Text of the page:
So far the “consumer” side of things. As a “producer” I participate in the Moodle forums. I can easily find back all my own posts through my Moodle profile and I hope to use some form of screen-scraper at the end of the course to pull a copy of everything that I have written. I use this Worpress.com hosted blog to write and reflect on the course materials and tag my course-related post with “lak11″ so that show up on their own page (and have their own feed in case you are interested). On Twitter I occasionally tweet with #lak11, mostly to refer to a Moodle- or blog post that I have written or to try and ask the group a direct question.
What is missing? The one thing that I don’t use yet is something like a mind mapping or a concept mapping tool. The syllabus recommends VUE and CMAP and one of the assignments each week is to keep updating a map for the course. These tools don’t seem to have an iPad equivalent. There is some good mind mapping tools for the iPad (my favourite is probably iThoughtsHD, watch this space for a mind mapping comparison of iPad apps), but I don’t seem to be able to add using it into my workflow for the course. Maybe I should just try a little harder.
My inability to “skim and dive”
This week I reconfirmed my inability to “skim and dive”. For these things I seem to be an all or nothing guy. There are magazines that I read completely from the first page to the last page (e.g. Wired). This course seems to be one of these things too. I read every single thing. It is a bit much currently, but I expect the volume of Moodle and Twitter messages to go down quite significantly as the course progresses. So if I can just about manage now, it should become relatively easy later on.
The readings of this week
There were quite a few academic papers in the readings of this week. Most of them provided an overview of education datamining or academic/learning analytics. Many of the discussions in these papers seemed quite nominal to me. They probably are good references to keep and have a wealth of bibliographical materials that I could look at at some point in the future. For now, they lacked any true new insights for me and appeared to be pretty basic.
Unfortunately I wasn’t able to attend any of the Elluminate sessions and I haven’t listened to them yet either. I hope to catch up this week with the recordings and maybe even attend the guest speaker live tomorrow evening.
It has been a while since I last actively participated in a Moodle facilitated course. Moodle has again proven to be a very effective host for forum based discussions. One interesting Moodle add-on that I had not seen before is Marginalia a way to annotate forum posts in Moodle itself which can be private or public. Look at the following Youtube video to see it in action.
I wonder if I will use it extensively in the next few weeks.
One thing that we were asked to try out as an activity was Hunch. For me it was interesting to see all the different interpretations that people in the course had about how to pick up this task and what the question (What are the educational uses of a Hunch-like tool for learning?) actually meant. A distributed course like this creates a lot of redundancy in the answers. I also noted that people kept repeating a falsehood (needing to use Twitter/Facebook to log in). My explanation of how Hunch could be used by the weary was not really picked up. It is good to be reminded at times that most people in the world do not share my perspective on computers and my literacy with the medium. Thinking otherwise is a hard to escape consequence of living in a techno-bubble with the other “digerati”.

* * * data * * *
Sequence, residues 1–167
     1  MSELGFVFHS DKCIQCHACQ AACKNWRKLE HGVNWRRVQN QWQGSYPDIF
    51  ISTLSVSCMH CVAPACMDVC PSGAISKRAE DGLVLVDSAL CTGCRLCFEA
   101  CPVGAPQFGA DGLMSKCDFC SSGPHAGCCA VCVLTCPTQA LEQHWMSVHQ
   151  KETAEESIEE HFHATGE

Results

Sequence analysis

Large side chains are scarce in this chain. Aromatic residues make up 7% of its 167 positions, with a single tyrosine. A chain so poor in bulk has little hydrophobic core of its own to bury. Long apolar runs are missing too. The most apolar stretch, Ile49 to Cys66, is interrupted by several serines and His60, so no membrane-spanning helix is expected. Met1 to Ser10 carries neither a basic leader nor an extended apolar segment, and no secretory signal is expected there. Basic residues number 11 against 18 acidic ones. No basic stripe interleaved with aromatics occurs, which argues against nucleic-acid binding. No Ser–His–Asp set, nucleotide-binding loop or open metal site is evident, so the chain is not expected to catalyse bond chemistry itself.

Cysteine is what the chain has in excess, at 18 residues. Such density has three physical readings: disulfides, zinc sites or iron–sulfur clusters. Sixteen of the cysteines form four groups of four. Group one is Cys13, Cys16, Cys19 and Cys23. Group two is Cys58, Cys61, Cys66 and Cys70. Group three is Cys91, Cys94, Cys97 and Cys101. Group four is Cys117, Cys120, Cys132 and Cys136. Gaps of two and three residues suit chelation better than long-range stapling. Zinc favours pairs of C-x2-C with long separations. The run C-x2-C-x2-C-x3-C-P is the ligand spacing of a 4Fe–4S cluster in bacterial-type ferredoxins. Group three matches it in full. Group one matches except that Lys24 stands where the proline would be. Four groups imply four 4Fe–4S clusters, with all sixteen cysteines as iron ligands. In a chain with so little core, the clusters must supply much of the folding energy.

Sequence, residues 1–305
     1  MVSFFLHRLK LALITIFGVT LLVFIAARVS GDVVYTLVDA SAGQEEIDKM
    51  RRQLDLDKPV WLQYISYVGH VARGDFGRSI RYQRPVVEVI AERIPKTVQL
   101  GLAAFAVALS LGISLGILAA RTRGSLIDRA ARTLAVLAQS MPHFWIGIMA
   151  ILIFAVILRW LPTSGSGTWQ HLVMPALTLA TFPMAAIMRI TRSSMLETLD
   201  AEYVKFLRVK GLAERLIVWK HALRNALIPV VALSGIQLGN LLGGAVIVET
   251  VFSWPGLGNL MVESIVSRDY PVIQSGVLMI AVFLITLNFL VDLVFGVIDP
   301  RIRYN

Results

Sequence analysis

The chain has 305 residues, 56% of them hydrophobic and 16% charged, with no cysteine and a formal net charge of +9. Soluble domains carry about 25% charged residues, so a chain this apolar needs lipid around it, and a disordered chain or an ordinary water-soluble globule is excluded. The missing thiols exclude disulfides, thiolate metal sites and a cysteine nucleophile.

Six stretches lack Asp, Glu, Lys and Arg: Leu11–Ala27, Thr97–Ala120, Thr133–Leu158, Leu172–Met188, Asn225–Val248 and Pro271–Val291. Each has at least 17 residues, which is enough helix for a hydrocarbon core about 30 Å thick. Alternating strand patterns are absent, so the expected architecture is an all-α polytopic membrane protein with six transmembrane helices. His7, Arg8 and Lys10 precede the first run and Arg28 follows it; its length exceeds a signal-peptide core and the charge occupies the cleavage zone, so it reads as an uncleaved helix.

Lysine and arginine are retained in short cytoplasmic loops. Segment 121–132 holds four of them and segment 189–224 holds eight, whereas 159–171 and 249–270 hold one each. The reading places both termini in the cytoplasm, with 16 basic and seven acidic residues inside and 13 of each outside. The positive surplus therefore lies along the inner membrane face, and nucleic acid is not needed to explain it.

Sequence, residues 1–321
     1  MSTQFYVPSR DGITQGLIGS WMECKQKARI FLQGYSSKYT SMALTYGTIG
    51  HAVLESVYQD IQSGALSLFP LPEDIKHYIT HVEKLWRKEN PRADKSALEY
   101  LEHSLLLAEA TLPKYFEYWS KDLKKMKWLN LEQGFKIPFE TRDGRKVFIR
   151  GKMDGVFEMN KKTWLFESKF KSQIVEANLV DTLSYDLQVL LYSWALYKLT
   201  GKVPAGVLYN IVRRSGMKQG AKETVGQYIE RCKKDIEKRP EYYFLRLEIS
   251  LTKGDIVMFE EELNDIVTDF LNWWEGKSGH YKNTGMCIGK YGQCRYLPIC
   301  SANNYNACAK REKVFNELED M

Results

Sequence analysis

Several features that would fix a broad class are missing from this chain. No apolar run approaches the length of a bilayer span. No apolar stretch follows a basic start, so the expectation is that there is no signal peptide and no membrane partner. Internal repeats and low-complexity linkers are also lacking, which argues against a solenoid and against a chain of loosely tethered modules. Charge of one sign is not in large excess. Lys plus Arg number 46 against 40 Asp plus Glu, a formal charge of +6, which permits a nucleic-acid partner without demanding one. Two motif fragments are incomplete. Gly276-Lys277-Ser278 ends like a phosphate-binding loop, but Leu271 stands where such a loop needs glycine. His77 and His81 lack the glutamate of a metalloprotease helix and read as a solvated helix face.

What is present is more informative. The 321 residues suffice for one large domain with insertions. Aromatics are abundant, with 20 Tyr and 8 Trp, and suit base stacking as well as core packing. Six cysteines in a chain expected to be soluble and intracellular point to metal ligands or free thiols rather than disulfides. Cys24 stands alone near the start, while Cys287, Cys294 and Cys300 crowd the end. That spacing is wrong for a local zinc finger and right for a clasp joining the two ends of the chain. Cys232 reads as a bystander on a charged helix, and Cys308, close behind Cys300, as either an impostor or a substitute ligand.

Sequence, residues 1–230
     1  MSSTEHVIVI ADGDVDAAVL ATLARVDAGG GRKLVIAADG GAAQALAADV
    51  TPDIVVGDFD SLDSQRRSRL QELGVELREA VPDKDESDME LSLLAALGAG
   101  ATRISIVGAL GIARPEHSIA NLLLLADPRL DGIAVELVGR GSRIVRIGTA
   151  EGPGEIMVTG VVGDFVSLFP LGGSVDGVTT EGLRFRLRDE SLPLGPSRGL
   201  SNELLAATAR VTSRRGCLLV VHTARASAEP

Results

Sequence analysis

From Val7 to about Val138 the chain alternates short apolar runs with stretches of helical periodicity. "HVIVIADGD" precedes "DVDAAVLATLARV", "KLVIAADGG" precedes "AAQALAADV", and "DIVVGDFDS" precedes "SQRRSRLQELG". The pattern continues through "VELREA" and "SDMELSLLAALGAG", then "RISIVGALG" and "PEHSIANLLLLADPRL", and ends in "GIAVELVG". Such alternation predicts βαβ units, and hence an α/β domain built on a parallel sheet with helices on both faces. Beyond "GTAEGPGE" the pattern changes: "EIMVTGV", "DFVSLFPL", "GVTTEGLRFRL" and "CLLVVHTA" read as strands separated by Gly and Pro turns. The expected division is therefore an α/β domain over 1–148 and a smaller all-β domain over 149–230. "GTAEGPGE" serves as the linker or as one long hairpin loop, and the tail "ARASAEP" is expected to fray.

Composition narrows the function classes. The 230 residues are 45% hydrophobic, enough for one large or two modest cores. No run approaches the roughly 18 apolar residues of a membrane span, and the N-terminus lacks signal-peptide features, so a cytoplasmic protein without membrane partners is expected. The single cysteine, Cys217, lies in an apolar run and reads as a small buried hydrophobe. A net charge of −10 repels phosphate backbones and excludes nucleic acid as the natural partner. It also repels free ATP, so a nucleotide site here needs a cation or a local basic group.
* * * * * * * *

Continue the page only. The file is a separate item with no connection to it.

I wrote the following on the topic (in the Moodle forum for week 1):
Indeed the complete US-centricness of the service was the first thing that I noticed. I believe it asked me at some point on what continent I am living. How come it still asks me questions to which I would never have an answer? Are these questions crowdsourced too? Do we get them randomly or do we get certain questions based on our answers? It feels like the former to me.
The recommendations that it gave me seemed to be pretty random too. The occasional hit and then a lot of misses. I had the ambition to try out the top 5 music albums it would recommend me, but couldn’t bear the thought of listening to all that rock. This did sneak a little thought into my head: could it be that I am very special? Am I so eclectic that I can defeat all data mining effort. Am I the Napoleon Dynamite of people? Of course I am not, but the question remains: does this work better for some people than for others.
One other thing that I noticed how the site seemed to use some of the tricks of an astrologer: who wouldn’t like “Insalata Caprese”, seems like a safe recommendation to me.
In the learning domain I could see an application as an Electronic Performance Support System. It would know what I need in my work and could recommend the right website to order business cards (when it sees I go to a conference) or an interesting resource relating to the work that I am doing. Kind of like a new version of Clippy, but one that works.
BTW, In an earlier blogpost I have written about how recommendation systems could turn us all into mussels (although I don’t really believe that).
Because of a very good intervention by George Siemens, the main facilitator of the course, we are now starting to have a good discussion about analytics in corporate situations here. The corporate world has learning as a secondary process (very much as a means to a goal) and that creates a slightly different viewpoint. I assume the corporate people will form their own subgroup in some way in this course. Before the end of next week I will attempt to flesh out some more use cases following Bert De Coutere’s examples here.
Bersin/KnowledgeAdvisors Lunch and Learn
At the end of January I will be attending a free Bersin/KnowledgeAdvisors lunch and learn titled Innovation in Learning Measurement – High Impact Measurement Framework in London (this is one day before the Learning Technologies 2011 exhibit/conference). I would love to meet other Lak11 participants there. Will that happen?
My participation in numbers
Every week I will try and give a numerical update about my course participation. This week I bookmarked 33 items on Diigo, wrote 10 Lak11 related tweets, wrote 25 Moodle forums post and 2 blog posts.